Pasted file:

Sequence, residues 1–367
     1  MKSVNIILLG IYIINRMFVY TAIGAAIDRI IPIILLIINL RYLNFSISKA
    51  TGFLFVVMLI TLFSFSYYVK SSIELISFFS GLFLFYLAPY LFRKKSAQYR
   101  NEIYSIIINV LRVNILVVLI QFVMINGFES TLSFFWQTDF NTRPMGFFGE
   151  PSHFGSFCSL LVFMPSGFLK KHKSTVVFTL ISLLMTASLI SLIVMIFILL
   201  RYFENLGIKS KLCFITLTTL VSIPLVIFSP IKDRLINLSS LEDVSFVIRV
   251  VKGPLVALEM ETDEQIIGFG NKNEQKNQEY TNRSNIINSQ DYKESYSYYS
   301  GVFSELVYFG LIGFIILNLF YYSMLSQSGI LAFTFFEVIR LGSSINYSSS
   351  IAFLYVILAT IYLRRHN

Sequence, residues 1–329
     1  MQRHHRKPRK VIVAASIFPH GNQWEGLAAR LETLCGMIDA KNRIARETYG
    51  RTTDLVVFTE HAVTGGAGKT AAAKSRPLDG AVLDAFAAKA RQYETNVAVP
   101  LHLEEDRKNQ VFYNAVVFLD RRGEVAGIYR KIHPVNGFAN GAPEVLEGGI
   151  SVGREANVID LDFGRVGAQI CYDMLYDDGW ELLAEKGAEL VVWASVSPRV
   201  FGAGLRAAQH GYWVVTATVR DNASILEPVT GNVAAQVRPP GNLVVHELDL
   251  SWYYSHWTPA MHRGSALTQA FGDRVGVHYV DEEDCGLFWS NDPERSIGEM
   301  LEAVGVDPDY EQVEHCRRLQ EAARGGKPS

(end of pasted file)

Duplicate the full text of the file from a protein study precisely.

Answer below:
Sequence, residues 1–367
     1  MKSVNIILLG IYIINRMFVY TAIGAAIDRI IPIILLIINL RYLNFSISKA
    51  TGFLFVVMLI TLFSFSYYVK SSIELISFFS GLFLFYLAPY LFRKKSAQYR
   101  NEIYSIIINV LRVNILVVLI QFVMINGFES TLSFFWQTDF NTRPMGFFGE
   151  PSHFGSFCSL LVFMPSGFLK KHKSTVVFTL ISLLMTASLI SLIVMIFILL
   201  RYFENLGIKS KLCFITLTTL VSIPLVIFSP IKDRLINLSS LEDVSFVIRV
   251  VKGPLVALEM ETDEQIIGFG NKNEQKNQEY TNRSNIINSQ DYKESYSYYS
   301  GVFSELVYFG LIGFIILNLF YYSMLSQSGI LAFTFFEVIR LGSSINYSSS
   351  IAFLYVILAT IYLRRHN

Sequence, residues 1–329
     1  MQRHHRKPRK VIVAASIFPH GNQWEGLAAR LETLCGMIDA KNRIARETYG
    51  RTTDLVVFTE HAVTGGAGKT AAAKSRPLDG AVLDAFAAKA RQYETNVAVP
   101  LHLEEDRKNQ VFYNAVVFLD RRGEVAGIYR KIHPVNGFAN GAPEVLEGGI
   151  SVGREANVID LDFGRVGAQI CYDMLYDDGW ELLAEKGAEL VVWASVSPRV
   201  FGAGLRAAQH GYWVVTATVR DNASILEPVT GNVAAQVRPP GNLVVHELDL
   251  SWYYSHWTPA MHRGSALTQA FGDRVGVHYV DEEDCGLFWS NDPERSIGEM
   301  LEAVGVDPDY EQVEHCRRLQ EAARGGKPS